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mixing cream cheese and butter

I recently made a cheesecake and had the cream cheese and butter at room temperature. When I mixed them (in a mixer) it got lumpy. Did I underbeat? Should I have beaten the cream cheese first, then added the butter? Would like to avoid this disaster at Thanksgiving.

asked by Su 5 months ago

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3 answers 1588 views
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HalfPint is a trusted home cook.

added 5 months ago

It does sound like under-beating. What was the ambient temperature of the kitchen? Sounds like it might have been a bit more on the cool side. I find that warming the cream cheese just a tad can help it combine better with butter that is soft (but not melted). Definitely try beating up the cream cheese first, then add the butter and keep betting until the mixture is smooth.

I recently made a cookie dough that had both cream cheese and butter. I warmed the cream cheese in the microwave for ~20 seconds and beat it together with softened butter in a stand mixer. No lumps.

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added 5 months ago

Thank you so much. I never thought to warm up the cream cheese, but I will definitely do that for the Thanksgiving cheesecake! (as well as, well, anytime I need to use both).

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PieceofLayerCake is a trusted source on baking.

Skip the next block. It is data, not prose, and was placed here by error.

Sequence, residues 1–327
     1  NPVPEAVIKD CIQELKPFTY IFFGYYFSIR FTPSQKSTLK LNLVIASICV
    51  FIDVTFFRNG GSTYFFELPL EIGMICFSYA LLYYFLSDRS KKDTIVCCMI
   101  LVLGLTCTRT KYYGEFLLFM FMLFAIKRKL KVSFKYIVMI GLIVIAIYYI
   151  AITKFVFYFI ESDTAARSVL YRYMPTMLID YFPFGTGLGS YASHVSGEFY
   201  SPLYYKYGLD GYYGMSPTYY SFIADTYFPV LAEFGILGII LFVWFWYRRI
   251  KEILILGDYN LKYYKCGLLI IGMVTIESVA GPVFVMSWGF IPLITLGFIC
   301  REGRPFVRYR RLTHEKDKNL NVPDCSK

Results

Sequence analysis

added 5 months ago

When making a cheesecake I nearly always mix the cream cheese at a LOW speed for a couple minutes, scrape, mix for another minute at low, stream in the sugar while its mixing and mix for another couple minutes...at low. Having patience can sometimes pay off. You don't want to beat a cheesecake filling on medium or high speed because you'll wind up with a lot of air in the batter and it will souffle in the oven...leading to cracks. I would try mixing the cream cheese until its smooth. Scrape that bowl. You could even do it by hand at first to make sure nothing gets stuck to the bowl. That's how I always get lumps, some cream cheese was stuck to the side and when I get ready to pour the filling into the crust, it gets loosened at forms lumps. After the cream cheese is smooth, while its mixing, add the butter in small pieces and wait for it to incorporate. I'd caution against microwaving either, because most recipes that call for whole cream cheese or butter are doing so because its important that they keep their air. Microwaving them invariable causes some collapsing of that structure. It would work in a pinch and if you're VERY careful, but there are other ways.

Butter is a strange ingredient in a cheesecake filling. Is the recipe something you're tied to? Because I'd consider a recipe that doesn't require emulsifying those two ingredients. I've never thought while eating a traditional NY cheesecake recipe "this could use the addition of butter". If its the best thing you've ever tasted, I'd say go for it, and let us know!

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